Getting started with shooting video on your DSLR or ILCS


Photography and video used to feel worlds apart, however that's changing and we're rapidly seeing a convergence of the two. Most stills cameras now are also highly capable video cameras, with many offering 4K video, high frame rates and more. If you haven't already dipped your toes into the world of video, now would be a good time to start!

Here at Triggertrap we produce a fair number of videos, so here's our list of things to watch out for when getting stuck into shooting video.

1. Frame Rates

The frame rate refers to how many frames are captured per second, or played back at this speed.

Your camera will probably offer a multitude of different frame rates, so how do you pick the correct one? There are three key frame rates you’ll need to know about, 24, 25 and 30 fps (frames per second). These are the standard frame rates; 25 fps is used in PAL regions, 30 in the USA, and 24 is often used in cinema.

You’ll probably want to stick to the frame rate that is suitable for the region you’re in, but with that said, with most video content being shared on the web it doesn’t make a huge difference. If you’d like to get a  more ‘cinema’ feel to your footage than you’ll want to use 24 fps.

Your camera may also offer options such as 48, 50, and 60 fps, these take twice as many stills than the standard frame rate which means the footage can be slowed down and played back at the standard frame rate and therefore allowing some slow-mo footage. If you’re lucky enough to have 100, 120, or even 240 fps you can really slow things down!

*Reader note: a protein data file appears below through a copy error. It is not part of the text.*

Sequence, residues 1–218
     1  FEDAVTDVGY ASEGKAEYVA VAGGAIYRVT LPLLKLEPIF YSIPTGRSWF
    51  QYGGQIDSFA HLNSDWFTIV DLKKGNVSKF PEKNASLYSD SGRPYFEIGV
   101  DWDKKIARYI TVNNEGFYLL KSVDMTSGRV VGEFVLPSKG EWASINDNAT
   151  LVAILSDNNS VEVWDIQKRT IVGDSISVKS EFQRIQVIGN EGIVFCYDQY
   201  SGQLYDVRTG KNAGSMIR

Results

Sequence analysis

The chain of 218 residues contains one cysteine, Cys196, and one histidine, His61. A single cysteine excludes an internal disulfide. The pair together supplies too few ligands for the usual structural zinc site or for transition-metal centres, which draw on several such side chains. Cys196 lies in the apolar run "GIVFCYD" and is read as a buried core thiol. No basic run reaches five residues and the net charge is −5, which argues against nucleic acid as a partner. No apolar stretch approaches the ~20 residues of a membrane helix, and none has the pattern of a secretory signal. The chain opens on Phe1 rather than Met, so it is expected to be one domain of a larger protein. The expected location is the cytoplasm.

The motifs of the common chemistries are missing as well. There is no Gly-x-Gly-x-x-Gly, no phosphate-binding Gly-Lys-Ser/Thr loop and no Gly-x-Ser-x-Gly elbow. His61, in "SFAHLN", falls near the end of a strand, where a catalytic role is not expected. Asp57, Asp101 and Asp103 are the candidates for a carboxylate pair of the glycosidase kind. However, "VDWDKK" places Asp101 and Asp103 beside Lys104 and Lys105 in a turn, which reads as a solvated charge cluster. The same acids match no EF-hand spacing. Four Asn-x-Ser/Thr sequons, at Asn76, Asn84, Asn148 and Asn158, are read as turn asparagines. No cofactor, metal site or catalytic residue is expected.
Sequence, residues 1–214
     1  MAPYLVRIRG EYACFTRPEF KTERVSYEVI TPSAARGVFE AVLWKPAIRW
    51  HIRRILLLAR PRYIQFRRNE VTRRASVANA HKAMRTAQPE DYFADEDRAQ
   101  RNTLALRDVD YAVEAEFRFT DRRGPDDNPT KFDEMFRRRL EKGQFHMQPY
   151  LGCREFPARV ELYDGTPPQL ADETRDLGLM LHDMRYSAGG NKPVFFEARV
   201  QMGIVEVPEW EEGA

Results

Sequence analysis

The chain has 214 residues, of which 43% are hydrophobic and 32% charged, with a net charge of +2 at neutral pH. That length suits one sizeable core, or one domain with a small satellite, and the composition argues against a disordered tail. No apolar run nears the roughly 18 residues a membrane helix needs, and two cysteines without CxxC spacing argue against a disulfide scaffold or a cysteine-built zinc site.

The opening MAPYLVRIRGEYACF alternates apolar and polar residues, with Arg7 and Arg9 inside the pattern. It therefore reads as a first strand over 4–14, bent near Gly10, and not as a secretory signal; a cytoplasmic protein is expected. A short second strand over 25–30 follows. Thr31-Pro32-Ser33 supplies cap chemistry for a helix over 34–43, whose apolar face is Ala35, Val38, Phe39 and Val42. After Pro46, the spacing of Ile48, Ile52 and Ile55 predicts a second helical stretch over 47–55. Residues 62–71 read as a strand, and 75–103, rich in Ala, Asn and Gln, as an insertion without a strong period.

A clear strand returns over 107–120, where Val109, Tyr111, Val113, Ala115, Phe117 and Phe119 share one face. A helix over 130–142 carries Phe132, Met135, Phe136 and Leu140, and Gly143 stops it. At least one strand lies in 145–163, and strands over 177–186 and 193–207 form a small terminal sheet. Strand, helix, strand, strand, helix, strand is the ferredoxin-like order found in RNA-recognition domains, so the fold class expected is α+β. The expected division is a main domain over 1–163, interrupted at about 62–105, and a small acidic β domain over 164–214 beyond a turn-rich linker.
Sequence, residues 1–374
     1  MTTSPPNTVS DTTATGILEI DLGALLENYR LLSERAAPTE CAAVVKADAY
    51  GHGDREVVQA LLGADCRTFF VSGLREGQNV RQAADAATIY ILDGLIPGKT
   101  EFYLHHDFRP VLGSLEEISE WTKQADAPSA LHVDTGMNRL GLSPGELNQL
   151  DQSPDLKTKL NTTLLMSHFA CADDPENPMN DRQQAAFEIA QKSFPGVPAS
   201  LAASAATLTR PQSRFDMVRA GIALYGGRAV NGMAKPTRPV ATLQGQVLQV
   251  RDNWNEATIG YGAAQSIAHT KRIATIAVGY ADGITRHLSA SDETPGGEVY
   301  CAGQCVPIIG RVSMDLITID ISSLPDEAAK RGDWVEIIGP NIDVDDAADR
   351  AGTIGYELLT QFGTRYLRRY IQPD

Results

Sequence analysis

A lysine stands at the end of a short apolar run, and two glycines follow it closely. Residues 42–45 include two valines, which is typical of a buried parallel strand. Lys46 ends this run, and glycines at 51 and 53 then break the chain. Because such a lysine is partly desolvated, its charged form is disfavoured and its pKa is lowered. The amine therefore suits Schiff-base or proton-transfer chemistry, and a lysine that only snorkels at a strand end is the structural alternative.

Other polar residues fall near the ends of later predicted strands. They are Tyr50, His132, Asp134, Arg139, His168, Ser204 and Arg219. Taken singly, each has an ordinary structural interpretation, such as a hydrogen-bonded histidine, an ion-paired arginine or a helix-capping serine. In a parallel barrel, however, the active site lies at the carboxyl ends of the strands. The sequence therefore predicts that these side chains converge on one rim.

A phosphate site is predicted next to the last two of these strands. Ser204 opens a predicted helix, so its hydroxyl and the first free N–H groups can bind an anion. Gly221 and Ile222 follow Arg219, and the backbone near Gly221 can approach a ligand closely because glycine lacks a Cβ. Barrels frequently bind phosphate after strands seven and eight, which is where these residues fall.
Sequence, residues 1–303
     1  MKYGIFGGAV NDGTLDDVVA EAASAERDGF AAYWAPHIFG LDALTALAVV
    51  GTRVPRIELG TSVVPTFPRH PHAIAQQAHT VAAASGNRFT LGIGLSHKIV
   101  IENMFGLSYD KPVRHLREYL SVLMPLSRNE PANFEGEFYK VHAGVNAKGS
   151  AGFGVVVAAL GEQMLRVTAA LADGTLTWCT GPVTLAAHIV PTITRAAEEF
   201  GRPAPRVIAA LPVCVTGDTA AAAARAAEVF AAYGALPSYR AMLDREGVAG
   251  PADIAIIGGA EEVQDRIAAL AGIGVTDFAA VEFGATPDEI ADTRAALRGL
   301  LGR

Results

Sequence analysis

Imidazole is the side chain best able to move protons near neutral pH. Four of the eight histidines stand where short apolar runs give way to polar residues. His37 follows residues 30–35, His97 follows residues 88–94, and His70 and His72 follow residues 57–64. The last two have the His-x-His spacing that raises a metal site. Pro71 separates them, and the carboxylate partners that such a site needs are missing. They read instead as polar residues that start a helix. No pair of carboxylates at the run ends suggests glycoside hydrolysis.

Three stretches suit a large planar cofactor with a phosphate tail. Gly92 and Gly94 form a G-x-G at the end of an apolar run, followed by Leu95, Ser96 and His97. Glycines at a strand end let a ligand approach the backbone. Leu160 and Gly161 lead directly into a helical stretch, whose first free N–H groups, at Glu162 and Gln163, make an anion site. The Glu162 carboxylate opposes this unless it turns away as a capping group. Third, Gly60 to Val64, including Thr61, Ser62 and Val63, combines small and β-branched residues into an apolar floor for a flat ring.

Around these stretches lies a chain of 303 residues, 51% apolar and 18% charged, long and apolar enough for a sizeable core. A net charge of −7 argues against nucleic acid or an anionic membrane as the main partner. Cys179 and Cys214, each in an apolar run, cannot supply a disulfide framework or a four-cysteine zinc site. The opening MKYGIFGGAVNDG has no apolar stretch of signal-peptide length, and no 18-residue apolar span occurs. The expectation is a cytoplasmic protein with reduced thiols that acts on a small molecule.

2. Resolution

It’s needless to say that you’ll probably want to shoot at the best resolution available to you, just be aware, if you’re shooting in 4K, you’re going to end up with a lot of data to deal with. 1080P (HD) will probably suffice for most things!

The scale of 1080 (HD) compared to 4K (UHD). Shooting in higher resolutions results in much more data.

The scale of 1080 (HD) compared to 4K (UHD). Shooting in higher resolutions results in much more data.

3. Shutter Speed

Once you’ve picked your frame rate, you’ll have the base of how to set the shutter speed. In stills photography we typically try to avoid any sort of motion blur, however within video this isn’t the case. Some blur adds a more natural feel to your footage, you can obtain the right amount of blur by using something know as a 180 degree shutter angle. This dates back to days of film cameras using a rotary shutter (learn more here). You can replicate this by setting your shutter speed to double the frame rate, for example if you’re using 25 fps you’ll want to set your shutter to 1/50s; 30 fps and you’ll want to set 1/60s; if you’re using 24 fps, you’d ideally want to set 1/48s but this isn’t possible, so go for 1/50s.

Captured at 25fps. 1/50s represents a 180 degree shutter angle and the motion looks natural and fluid. At 1/1000s the motion looks unnatural and jarring. Excuse the uninspiring clip! 

4. Exposure

With video, your shutter speed is set as above. To control the exposure you’ll need to adjust the ISO and aperture. Remember a high ISO will result in a noisy image. If you’re trying to get a shallow depth of field and you’re shooting in daylight you might struggle to get a good exposure; to prevent over-exposure, you’ll need to add a neutral density filter. Getting the exposure dead on is really important with video as the files are much less forgiving than shooting RAW stills, or even JPEG.

5. White Balance